I am really not bothered on whether Damien Hirst’s latest spot paintings were created personally by him or by his trusted assistants. I’ve decided not to jump on the bandwagon and just leave that discussion to the art experts and the critics. It also doesn’t really matter to me if people accuse him of being just a brand than an artist. Time will tell whether the sharks, the diamond skulls and the golden calves in formaldehyde would withstand the hype of the present and would be something people of the future would queue all day for, the same way we do now for example, to see works of masters like Leonardo da Vinci.
Behind all this no-care-for-the-world musings, this didn’t stop me from going to the opening at the Other Criteria gallery in the beginning of January hoping to meet the man. I’d be a hypocrite if I say, I wouldn’t be starstruck. He is after all, Damien Hirst, the richest living British artist and one who can command just about £1 million for a spot painting. It is depressing to know that I could create circles all day and still nobody will give me a penny.
And probably – aside from the audacity of his past works – Damien Hirst’s other great contribution to art is creating the status for super rich and bankable artists, making art suddenly an important and viable profession. Becoming an artist has suddenly become not just for the creatively passionate, but a real trade where business and strategy are part of the game.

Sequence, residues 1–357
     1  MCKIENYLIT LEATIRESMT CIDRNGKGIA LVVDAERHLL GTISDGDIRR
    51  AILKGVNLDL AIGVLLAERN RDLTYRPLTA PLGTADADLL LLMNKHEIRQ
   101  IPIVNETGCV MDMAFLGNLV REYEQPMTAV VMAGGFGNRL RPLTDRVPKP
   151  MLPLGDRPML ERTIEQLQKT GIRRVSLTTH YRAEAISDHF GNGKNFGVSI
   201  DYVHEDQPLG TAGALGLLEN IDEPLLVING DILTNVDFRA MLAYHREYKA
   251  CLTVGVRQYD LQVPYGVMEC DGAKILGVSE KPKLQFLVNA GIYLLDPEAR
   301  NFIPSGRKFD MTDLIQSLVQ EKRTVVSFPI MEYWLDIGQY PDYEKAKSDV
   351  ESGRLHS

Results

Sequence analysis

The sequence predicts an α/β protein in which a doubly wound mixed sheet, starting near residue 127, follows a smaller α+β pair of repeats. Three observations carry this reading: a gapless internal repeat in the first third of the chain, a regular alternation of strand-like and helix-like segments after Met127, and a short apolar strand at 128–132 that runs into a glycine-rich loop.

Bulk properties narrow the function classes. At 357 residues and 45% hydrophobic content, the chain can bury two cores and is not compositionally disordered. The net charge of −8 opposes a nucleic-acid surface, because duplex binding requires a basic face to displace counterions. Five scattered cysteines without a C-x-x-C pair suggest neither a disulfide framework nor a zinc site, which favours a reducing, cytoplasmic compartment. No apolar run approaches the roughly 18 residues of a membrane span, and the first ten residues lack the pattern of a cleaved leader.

In my mind, Damien Hirst knows how to make art that stirs discussion but also stirs the pockets.
And whether he is a great artist or not, the fact that people have strong opinions about Damien’s art is an indication of his ingenuity. When I saw his spot paintings at Other Criteria and also at the Gagosian in Britannia Street, I forgot all the brouhaha about his assistants doing the leg work for his paintings. What I really wanted to know was what drove him to suddenly abandon his preoccupation with death and immortality and jump to the joy of painting circles.
He mentioned once that the concept of immortality is a dead-end. I just want to ask what could possibly be next after these dots? How will he get out of it? What’s going to be next for Damien Hirst? If immortality has ended for him and these dots provide his transition as an artist, what could possibly be his next direction?
These colourful spots in a big gallery space such as the Gagosian just puts you in such a playful mode. People posed and took pictures of themselves and their friends with the dots. Even the Gagosian invigilators suddenly allowed me to take pictures, who are often adamant about taking photos. The spot paintings had truly made us all dotty.